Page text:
After a year or two of trial and error, well technically it would be more trial and not much error, because you can’t do this wrong (it’s only wrong if you wait), I’m finally confident enough to recommend the perfect recovery plan. It could change to how we weekend warrior’s get our bricks done and how runners recover from muscle soreness… Not a day or two later, no soreness later on that afternoon.
Do you stiffen up after a long run? Hips hurt? Calf muscles cramp? How about the next day, how are you feeling then? Worse? Usually. How about after a ride/run brick?
Now, if you have the patience of a saint and only increase your mileage a tenth of a mile per week (surely I’m exaggerating here, 10% per two weeks), you may be able to avoid nagging pain, but every runner I know goes through some recovery pain. You don’t have to. You can recover, at least soreness wise, in less than eight hours – and it’s very simple though a bit time-consuming.
The first trick is to eat after the run – I wait no more than fifteen minutes. Fire down a water afterwards and you’ll be surprised how quickly you can eat. Whatever you do, don’t wait more than thirty minutes. Second, eat a decent balance of carbs and protein. Then ride your bike for 45 minutes to an hour. Hard ride, easy ride, mountain bike, road bike – it doesn’t matter, what’s important is the cadence: 90-100, 110 if you can handle it. The timing between the run and the ride isn’t too important either, though you don’t want to wait more than a couple of hours. I get mine in within an hour of eating though… Now, if you’re paying attention you’re eating food at a very weird place – almost immediately after a run then follow that with a ride. This is not easy to get used to – especially when you have to dial that ride back a notch so you don’t throw up – happens to me almost every time. After I’m done with my ride, I’ll eat a little bit more and down a 32 oz Gatorade or PowerAde take a nice cool (or hot depending on the season) shower and then go about my day.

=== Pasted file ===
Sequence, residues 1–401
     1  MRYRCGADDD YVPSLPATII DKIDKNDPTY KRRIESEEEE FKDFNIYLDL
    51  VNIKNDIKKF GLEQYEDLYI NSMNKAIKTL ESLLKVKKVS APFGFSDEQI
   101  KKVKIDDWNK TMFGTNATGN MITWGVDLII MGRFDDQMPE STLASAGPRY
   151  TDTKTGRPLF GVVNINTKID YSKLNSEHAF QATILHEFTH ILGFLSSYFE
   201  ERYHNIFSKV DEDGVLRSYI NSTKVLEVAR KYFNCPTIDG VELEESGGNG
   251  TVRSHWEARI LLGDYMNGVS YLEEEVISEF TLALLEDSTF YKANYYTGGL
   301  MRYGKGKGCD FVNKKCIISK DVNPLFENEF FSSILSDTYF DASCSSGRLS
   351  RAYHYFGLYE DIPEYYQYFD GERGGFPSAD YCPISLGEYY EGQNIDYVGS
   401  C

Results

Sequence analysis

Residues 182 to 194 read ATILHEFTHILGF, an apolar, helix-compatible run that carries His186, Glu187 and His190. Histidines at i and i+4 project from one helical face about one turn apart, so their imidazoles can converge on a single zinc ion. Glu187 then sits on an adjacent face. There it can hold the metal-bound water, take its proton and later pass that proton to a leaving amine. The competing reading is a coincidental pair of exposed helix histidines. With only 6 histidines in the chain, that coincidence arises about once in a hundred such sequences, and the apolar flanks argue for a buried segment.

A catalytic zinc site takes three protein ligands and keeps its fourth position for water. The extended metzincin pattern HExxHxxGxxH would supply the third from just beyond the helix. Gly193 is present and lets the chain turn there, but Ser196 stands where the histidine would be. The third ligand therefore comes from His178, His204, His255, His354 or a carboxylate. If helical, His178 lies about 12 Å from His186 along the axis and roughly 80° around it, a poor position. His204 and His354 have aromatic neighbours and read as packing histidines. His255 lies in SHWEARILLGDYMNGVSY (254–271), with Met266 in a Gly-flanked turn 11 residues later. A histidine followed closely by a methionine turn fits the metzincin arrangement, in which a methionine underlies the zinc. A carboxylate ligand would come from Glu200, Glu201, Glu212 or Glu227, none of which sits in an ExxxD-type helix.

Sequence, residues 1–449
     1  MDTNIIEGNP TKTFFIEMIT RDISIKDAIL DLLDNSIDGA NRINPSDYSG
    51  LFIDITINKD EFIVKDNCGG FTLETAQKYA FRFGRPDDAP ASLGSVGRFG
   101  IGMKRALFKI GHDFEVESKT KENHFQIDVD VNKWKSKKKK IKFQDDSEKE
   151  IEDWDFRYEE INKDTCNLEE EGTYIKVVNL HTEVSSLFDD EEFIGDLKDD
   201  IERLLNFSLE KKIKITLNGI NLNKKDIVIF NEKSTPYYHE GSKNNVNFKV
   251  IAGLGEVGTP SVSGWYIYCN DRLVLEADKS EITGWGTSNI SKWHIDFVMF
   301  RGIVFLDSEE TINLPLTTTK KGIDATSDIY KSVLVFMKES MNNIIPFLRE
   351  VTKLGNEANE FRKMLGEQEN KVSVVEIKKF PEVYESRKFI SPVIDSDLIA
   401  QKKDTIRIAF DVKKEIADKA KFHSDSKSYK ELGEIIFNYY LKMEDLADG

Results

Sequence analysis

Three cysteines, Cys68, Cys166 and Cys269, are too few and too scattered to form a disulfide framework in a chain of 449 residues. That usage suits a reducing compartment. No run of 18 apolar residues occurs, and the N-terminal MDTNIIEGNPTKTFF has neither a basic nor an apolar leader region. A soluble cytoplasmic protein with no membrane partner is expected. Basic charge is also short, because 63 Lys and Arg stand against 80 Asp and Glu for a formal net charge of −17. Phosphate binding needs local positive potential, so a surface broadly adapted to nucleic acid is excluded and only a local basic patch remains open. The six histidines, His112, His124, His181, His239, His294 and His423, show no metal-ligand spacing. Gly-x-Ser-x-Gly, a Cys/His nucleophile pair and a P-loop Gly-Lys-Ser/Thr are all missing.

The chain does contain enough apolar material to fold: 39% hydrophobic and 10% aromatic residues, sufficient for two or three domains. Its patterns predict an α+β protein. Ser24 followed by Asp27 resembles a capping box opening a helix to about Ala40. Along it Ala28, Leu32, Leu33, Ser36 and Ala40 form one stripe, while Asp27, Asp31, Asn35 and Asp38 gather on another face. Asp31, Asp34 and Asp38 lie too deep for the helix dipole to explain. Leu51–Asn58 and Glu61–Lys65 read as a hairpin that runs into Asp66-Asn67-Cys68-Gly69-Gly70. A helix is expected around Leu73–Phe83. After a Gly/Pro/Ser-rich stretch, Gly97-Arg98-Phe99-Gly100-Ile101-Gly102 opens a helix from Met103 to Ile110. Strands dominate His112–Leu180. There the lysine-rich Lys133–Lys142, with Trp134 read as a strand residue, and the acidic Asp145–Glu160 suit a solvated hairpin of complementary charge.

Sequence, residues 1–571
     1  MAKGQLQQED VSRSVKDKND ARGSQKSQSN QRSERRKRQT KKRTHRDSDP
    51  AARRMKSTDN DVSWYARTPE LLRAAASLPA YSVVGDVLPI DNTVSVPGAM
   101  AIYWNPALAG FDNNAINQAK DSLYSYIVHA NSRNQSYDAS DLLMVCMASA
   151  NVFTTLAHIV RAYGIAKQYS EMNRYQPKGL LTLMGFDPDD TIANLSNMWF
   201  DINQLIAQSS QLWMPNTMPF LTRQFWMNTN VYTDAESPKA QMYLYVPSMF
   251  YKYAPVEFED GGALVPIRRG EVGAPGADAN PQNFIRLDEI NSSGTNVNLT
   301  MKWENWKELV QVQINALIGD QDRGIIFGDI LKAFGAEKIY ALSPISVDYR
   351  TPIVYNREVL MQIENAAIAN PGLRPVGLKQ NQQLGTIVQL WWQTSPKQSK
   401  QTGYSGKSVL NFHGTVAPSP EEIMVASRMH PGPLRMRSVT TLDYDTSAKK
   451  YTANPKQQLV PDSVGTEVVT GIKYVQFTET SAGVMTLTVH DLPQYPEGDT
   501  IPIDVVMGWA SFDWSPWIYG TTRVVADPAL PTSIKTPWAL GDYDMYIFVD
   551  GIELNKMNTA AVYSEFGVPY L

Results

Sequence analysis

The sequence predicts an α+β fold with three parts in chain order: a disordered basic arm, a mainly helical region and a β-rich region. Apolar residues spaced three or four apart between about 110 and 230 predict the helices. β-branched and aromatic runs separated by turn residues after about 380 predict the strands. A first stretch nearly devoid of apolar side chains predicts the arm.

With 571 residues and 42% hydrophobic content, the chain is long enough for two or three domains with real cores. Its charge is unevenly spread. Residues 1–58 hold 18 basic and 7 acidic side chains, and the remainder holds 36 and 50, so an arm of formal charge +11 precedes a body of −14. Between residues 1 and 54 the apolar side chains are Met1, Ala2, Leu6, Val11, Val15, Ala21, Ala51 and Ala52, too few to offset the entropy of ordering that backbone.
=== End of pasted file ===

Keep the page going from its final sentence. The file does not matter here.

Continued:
The first few hours after are a little ginger though you should absolutely feel worlds better than you normally do after a decent run. If you run in the morning, by that afternoon/early evening you should be right as rain and you may even feel ready to run again. Overnight you may tighten up a little bit again but you should feel worlds better than you normally do.
How did I happen on this marvel of a recovery plan? I wanted to train for triathlons and I live 10, 12 or 18 miles from my normal Saturday running spot (depending on the route I decide to take). To get in shape I started riding down to the running club and riding back. With a 10k run, that works out to the run and ride leg of an Olympic length every Saturday. As time went on I began to realize that I didn’t hurt so much after the ride home. Then I happened on several posts that recommended eating within an hour of finishing a workout. From there it was just a question of when to eat and how much so I wasn’t puking on the ride home.
I should mention that what I do is based only minimally on “research” with no professional recommendations – it was just an easy way to get to the running club and back while getting a couple of bike rides in on a normal run day. Lo and behold, my desire to get some extra miles in turned out to be a great way to recover after a run. My running buddy Grateful Jim backed this up one day last summer when we were talking about this very phenomenon I’d stumbled on – he said that his best marathon recovery occurred when he rode the marathon course after running it. He said he was almost fully recovered the next day and that he’d never had a better recovery period. Give it a try.